The social model of disability posits that disability is constructed by society and is caused by the way society is organized. Our society is made by and for non-disabled people and anyone who cannot fit in to that model is disabled. This model is supported by a considerable amount of writers who themselves are disabled. The social model emphasizes the fact that full societal participation has little to do with the abilities of a person who is disabled, but the societal constructs that prohibit them from inclusion. This model is often a critique to the medical model of disability.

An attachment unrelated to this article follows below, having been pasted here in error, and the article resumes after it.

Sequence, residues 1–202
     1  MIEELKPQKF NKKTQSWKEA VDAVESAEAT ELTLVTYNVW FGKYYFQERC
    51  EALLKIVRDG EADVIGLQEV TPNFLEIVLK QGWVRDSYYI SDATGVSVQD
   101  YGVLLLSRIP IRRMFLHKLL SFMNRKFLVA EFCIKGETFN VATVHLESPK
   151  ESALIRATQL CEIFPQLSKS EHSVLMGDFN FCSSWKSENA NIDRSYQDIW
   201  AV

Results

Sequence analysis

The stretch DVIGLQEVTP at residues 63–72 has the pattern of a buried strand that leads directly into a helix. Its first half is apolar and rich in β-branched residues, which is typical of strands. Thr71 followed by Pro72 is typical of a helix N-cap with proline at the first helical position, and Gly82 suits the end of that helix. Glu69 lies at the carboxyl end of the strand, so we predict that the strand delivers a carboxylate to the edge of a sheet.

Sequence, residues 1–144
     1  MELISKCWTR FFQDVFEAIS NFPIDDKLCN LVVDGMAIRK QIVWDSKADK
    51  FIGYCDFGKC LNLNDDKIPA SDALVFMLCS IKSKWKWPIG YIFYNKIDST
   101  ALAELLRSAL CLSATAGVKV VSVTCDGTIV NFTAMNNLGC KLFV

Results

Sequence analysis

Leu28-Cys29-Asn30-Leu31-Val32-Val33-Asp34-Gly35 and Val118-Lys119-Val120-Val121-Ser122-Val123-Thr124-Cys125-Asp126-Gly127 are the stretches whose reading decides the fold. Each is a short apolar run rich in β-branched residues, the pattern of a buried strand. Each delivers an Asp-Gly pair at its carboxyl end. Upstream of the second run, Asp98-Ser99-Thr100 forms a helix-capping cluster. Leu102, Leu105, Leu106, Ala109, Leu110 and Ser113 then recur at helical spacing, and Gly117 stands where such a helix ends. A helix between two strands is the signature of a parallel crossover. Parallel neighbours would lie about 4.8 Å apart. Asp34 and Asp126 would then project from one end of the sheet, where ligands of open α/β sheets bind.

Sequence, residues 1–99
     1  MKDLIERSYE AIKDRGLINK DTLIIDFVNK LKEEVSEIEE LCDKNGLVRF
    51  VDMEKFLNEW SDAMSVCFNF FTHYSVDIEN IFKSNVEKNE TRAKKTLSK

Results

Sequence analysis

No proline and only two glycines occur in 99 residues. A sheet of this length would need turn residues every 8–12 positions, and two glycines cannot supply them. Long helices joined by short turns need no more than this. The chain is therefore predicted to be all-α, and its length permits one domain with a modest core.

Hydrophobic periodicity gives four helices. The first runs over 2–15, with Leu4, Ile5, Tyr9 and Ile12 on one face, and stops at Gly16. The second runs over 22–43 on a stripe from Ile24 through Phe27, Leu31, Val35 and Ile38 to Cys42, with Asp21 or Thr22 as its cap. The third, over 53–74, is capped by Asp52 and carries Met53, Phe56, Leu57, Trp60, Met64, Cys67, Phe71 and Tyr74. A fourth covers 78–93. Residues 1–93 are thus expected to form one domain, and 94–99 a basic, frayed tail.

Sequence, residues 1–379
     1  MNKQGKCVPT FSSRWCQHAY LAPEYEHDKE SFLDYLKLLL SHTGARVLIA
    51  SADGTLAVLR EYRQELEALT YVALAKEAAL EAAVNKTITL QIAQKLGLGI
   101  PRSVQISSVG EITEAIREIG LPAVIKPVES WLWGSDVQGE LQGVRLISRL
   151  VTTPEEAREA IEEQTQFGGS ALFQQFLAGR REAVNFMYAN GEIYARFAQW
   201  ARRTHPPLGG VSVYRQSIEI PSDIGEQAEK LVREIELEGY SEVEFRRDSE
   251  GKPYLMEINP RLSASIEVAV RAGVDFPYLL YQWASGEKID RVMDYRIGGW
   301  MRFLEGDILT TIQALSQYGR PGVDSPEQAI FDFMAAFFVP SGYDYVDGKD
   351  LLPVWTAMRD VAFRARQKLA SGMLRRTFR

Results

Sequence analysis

The independent living model of disability is similar to the social model of disability. Its focus is more specific to advocating for the independence of people who are disabled. People with disabilities are their own experts on their needs and what services they require.
Information from "Disability Studies" in Sage Key Concepts: Key Concepts in Learning Disabilities.